Delusional (statements by) doctors
Lest I be accused of libel, note that I believe the following statements are delusional, not the actual physicians themselves. First, see this article. One of the Mayo Clinics in AZ will no longer be accepting Medicare patients. What is disturbing, however, is a statement by Robert Berenson, a fellow at the Urban Institute and proclaimed expert in Medicare. Apparently, when you are out of practice for some time (I did a limited search and had trouble finding out the last time he actually took care of patients but I bet it's been a while), it gets easier to make such blanket statements about the everyday doctor. From the article:
Robert Berenson, a fellow at the Urban Institute’s Health Policy Center in Washington, D.C., said physicians’ claims of inadequate reimbursement are overstated. Rather, the program faces a lack of medical providers because not enough new doctors are becoming family doctors, internists and pediatricians who oversee patients’ primary care.
“Some primary care doctors don’t have to see Medicare patients because there is an unlimited demand for their services,” Berenson said. When patients with private insurance can be treated at 50 percent to 100 percent higher fees, “then Medicare does indeed look like a poor payer,” he said.
This is some twisted, convoluted logic. Why does he think there aren't enough providers going into primary care? There are many reasons but one is certainly because they get paid less than specialists, which includes reimbursement from Medicare and other insurers. So, Dr. Berenson thinks that Medicare doesn't really underpay, it just looks like it does because other insurers pay more? That gets into the question of how much he thinks physicians should be compensated. What is the fair market value of a physician? Oh wait, he doesn't really believe in the market when it comes to the medical profession. After these ridiculous comments I did a little research and came across the following from a letter in the Journal of the American Medical Association, May 27, 2009 (subscription required; in response to original article January 21, 2009):
We did not express opposition to health care competition per se, but rather to a specific form of competition core to the "consumer-driven" approach that encourages patients to shop for discrete health services to find the best match of quality and costs.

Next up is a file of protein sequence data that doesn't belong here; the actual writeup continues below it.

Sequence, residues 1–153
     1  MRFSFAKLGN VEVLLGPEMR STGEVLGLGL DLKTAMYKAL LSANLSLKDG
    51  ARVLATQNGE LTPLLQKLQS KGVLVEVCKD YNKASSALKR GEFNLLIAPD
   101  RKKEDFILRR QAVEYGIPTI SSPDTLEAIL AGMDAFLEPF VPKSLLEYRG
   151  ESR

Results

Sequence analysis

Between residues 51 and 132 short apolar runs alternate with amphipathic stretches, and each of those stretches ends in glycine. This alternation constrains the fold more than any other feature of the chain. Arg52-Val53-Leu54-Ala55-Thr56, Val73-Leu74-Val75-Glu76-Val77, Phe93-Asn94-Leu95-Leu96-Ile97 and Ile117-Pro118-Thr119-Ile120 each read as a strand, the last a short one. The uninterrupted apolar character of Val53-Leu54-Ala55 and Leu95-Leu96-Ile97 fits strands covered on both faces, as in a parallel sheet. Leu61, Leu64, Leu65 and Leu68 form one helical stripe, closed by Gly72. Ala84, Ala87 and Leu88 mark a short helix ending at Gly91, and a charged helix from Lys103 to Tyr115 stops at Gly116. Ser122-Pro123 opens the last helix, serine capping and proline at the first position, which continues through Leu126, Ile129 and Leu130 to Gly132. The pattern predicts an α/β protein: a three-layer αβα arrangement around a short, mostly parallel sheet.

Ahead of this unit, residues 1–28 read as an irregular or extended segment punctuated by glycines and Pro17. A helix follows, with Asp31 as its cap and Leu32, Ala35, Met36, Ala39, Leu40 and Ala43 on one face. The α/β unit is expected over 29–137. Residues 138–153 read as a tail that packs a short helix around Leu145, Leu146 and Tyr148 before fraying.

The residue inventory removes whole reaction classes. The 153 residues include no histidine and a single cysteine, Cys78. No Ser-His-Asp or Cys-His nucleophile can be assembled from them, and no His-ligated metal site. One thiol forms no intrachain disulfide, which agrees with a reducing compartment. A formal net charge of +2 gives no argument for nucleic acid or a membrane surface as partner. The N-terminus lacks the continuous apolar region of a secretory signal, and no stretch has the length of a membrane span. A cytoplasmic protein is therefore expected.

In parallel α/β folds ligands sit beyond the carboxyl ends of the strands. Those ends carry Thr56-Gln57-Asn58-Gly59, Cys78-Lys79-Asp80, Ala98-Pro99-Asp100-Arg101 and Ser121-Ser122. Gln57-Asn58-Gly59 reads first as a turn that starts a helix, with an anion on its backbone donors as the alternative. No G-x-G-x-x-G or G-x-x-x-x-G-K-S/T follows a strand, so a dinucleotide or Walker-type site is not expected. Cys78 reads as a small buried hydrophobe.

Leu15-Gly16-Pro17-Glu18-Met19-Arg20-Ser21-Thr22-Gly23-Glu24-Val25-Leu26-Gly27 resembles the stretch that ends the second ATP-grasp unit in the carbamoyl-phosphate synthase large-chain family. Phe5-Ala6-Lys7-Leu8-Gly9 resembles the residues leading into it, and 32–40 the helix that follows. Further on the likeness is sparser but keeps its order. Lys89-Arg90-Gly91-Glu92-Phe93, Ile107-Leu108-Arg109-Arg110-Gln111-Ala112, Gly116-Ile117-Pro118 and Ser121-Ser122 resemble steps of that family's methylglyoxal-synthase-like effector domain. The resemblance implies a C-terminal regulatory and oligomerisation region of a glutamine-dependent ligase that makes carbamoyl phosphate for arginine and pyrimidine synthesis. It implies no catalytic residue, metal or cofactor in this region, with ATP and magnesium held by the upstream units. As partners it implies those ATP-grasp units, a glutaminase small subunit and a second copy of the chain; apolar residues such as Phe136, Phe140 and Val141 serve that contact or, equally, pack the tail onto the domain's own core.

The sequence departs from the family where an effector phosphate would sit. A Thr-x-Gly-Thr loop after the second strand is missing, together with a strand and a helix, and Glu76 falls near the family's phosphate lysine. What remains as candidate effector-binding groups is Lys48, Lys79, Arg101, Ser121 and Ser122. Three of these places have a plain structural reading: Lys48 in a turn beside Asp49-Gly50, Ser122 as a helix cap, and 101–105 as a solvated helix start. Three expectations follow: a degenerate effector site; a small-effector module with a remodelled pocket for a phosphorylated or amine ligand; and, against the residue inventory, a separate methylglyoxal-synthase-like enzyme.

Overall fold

Anytime someone says they don't agree with something per se, yeah, that means they don't agree with it but they're afraid to admit it outright in case others might think they're crazy. Then in the letter, they (includes Dr. Cassel, more on her later) use direct-to-consumer advertising of drugs with its evils as an example of why competition among physicians is concerning. Talk about a non sequitur. How are these even related? As mentioned before, they still completely ignore other areas of competition such as LASIK and cosmetic plastic surgery which has improved care while lowering rates with little insurance penetration (until lately).
I love how Berenson later quotes his own article to bolster his claim: "See, read this article from another smart man; what I'm saying is true."
The other part of the "they" is Christine Cassel, current president of the American Board of Internal Medicine which certifies most internists in this country, including me. Scary.
Berenson's comment on the "unlimited demand" for primary care MD's is equally bewildering. If there is such an unlimited demand for something, how is it that people are moving AWAY from it? Oh yeah, it's because you're trying to cut their pay. Completely opposite of free market but apparently this type of thinking is common. Note this comment by Senator Conrad recently:
And let me say, if I can, on this question of reducing Medicare, there are $500 billion of savings to Medicare. Most of those savings have been negotiated with the providers. They're going to get less than they were anticipating. They've agreed to those savings because they know they're going to get 30 million more customers. That is a dramatic increase in business for them, and they are sharing some of the savings so that we can pay for this bill. There's not unreasonable.
This kind of comment highlights how clueless non-physician legislators are about physician practices. As if physicians are just sitting around twiddling their thumbs and so excited about all these new patients that will be filling their offices. No, physician offices are typically busy. Why? Because of this unlimited demand? No, because they have to cram 40 patients a day into 15 minute slots in order to make a buck. And why do they have to do that? Because of overhead, administrative and insurance junk they have to deal with that take up so much time and money. Add to this complex patients, late patients, more insurance problems and a whole bunch of other junk and there you have your overflowing waiting room. No wonder why many doctors aren't taking insurance anymore. They can spend more time with patients, treat them properly and still break even. Here's one example.